Tonight you’re in Corinna, which was a remote mining town before being transformed into an eco-tourism resort that uses solar power and pure rainwater. The mix of new and historic accommodation nestled in the Tarkine’s south makes it a convenient, cosy base for rainforest exploration.

Day 3: Corinna

Rise and shine for a great day in the great outdoors. Will you hire a kayak and explore the waterways, or fish for trout (weighing up to 12 kilos!)? Will you cruise along the Pieman River aboard a boat built with Huon pine in 1939, or head into the wilderness on foot? There are numerous trails in the area, including the Huon Pine Walk. Just 20 minutes return from Corinna, it’s one of Tasmania’s easiest Great Short Walks. Other options on your doorstep include the Savage River walk, which is four-hours return or can be done in conjunction with kayak hire. Or take a quick drive to nearby trails including Philosopher Falls and Mount Donaldson, which has ocean views.

Wherever you go and however you travel, temperate rainforest flora and fauna abound. Celery-top and Huon pines are among the tree species, while ferns, moss, fungi and lichen thrive alongside mammals such as wombats and quolls – you might even spot a Tasmanian Devil. Birds include black currawongs and azure kingfishers. As the sun sets over this peaceful wilderness, relax at Corinna’s rustic restaurant-bar and relive the day over some Tassie wine or beer. Cheers!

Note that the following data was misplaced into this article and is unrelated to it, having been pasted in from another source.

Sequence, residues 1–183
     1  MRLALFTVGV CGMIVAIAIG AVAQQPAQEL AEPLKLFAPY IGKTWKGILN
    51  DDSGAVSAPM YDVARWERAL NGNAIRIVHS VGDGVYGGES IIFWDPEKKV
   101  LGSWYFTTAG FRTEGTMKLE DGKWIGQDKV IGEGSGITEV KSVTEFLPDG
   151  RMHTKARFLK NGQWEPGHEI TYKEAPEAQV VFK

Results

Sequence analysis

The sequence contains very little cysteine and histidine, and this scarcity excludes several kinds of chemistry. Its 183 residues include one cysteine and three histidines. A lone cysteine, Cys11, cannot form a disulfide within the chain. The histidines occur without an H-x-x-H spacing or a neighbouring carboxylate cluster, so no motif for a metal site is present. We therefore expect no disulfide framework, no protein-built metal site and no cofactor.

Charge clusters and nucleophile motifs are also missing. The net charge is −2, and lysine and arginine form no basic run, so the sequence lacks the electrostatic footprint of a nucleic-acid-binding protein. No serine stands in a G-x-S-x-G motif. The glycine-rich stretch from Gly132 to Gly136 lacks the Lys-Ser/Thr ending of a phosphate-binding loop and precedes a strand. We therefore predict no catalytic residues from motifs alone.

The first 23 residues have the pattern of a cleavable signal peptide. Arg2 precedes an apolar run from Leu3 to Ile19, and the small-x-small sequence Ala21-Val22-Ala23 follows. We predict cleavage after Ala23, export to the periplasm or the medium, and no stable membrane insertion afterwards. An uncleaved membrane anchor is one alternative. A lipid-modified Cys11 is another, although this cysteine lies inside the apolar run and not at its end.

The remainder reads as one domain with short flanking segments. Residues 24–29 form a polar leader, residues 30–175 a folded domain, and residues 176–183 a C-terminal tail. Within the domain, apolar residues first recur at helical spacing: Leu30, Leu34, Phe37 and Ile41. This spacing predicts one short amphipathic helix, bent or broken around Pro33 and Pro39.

Day 4: Corinna to Cradle Mountain

It’s less than two hours east via Waratah Road to Cradle Mountain, whose jagged twin peaks form one of Tasmania’s natural icons. Stretch your legs on the 20-minute Enchanted Walk before lunch close by at Cradle Mountain Lodge, or go straight for the 2-3 hour Dove Lake circuit with sweeping views of the mountain. Either way you’ll tick off yet another Great Short Walk.

Be sure to return in time for the Devils@Cradle after-dark feeding tour. It starts with information about how these little creatures are actively being saved from extinction, followed by a feast of wallaby shanks – for the Devils of course! Book ahead for the area’s lodges, huts or campsites; you can even stay within Cradle Mountain-Lake St Clair National Park in the Waldheim cabins, surrounded by alpine walks, wildlife and plants.

Day 5: Cradle Mountain to Devonport

It’s about 75 minutes via route C132 to Devonport, so there’s plenty of time to tackle more trails around Cradle Mountain. Perhaps the easy 10-minute Pencil Pine Falls and Rainforest circuit, or the two-hour Crater Lake circuit, which passes by several lovely alpine lakes. Or do you just want to unwind while taking in the views at Waldheim Alpine Spa? Whether hiking or soaking, you’ll be daydreaming about your next great escape into Tasmania’s wilderness. Return along the coast to Devonport to board Spirit of Tasmania for your journey home.